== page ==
• Cryptocurrency: A New (and Quickly Developing) Method of Finance
  • April 25, 2018 | Author: Michael D. Waters
  • Law Firm: Jones Walker LLP - Birmingham Office
  • The legal and financial communities are increasingly confronted with issues related to cryptocurrency. What is it, what value does it have, and how is it regulated, if at all? One form of cryptocurrency, bitcoin, began 2017 valued at $1,000 and rose to a high of $19,000 last year.


    Bitcoin is a digital, worldwide payment system. Much of the description of bitcoin used here is derived from a helpful book by Andreas M. Antonopoulos, Mastering Bitcoin, Programming the Open Blockchain, O’Reilly 2017 (hereinafter Antonopoulos). To some extent, the term “bitcoin” is misleading because there are no “coins” in the bitcoin system, not even digital coins. The bitcoin technology permits a sender to transfer value to the recipient, and the principal method by which bitcoins are transferred is the internet. The software for bitcoin can be used on computers, laptops, smartphones, etc. Bitcoin has been described as “a truly disruptive technology with the potential to fundamentally change the way our financial systems operate” (Ryan and Donahue, “Securities on Blockchain,” The Business Lawyer 85 (2017–2018) (hereinafter Ryan and Donahue)).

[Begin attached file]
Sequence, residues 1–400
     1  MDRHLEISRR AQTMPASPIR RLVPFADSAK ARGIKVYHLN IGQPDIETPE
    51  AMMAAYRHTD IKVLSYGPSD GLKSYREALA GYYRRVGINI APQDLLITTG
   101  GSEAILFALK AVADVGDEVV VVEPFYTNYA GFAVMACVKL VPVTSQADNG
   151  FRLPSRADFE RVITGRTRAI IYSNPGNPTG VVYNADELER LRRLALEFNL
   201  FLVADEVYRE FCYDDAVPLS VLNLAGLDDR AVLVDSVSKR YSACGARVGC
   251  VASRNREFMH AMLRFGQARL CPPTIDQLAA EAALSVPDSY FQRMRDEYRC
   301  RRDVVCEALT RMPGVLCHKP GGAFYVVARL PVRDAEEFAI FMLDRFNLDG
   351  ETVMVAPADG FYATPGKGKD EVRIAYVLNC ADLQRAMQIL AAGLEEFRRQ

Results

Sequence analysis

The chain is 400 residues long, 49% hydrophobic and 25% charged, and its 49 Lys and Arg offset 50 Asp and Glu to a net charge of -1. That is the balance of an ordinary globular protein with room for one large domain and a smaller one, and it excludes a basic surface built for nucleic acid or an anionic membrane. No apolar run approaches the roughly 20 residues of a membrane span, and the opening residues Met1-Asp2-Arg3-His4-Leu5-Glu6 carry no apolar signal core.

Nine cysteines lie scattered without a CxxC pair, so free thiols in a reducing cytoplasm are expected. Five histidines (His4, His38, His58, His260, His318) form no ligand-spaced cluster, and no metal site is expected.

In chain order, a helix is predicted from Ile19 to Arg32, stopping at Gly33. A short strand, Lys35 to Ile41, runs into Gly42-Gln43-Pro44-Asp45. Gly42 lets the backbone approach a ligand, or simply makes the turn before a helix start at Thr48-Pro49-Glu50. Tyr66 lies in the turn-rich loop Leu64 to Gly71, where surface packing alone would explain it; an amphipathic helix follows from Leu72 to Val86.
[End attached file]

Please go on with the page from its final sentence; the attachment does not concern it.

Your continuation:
Bitcoins are transferred on a “peer to peer” system. Thus, there is no “central bank” or central control over the transmittal of bitcoin. Yet the bitcoin process is ostensibly secure. The primary element that provides security in the transfer of bitcoin is a system of built-in algorithms that regulate the transfer. A process called “mining” competes to find solutions to a mathematical problem, which permits the transfer of bitcoin. Anyone participating in the bitcoin network can be a miner. A miner who successfully solves the mathematical problem collects new bitcoin and transaction fees.

    A user wishing to pay for something with bitcoin will utilize a “wallet,” an application that interacts with the bitcoin protocol. The bitcoin user has an address, which is public and may be re-created by the wallet for each transaction. At the same time, the wallet generates at random a private key that will match the public address for the transaction. These keys allow the user to prove ownership of bitcoin in the bitcoin network.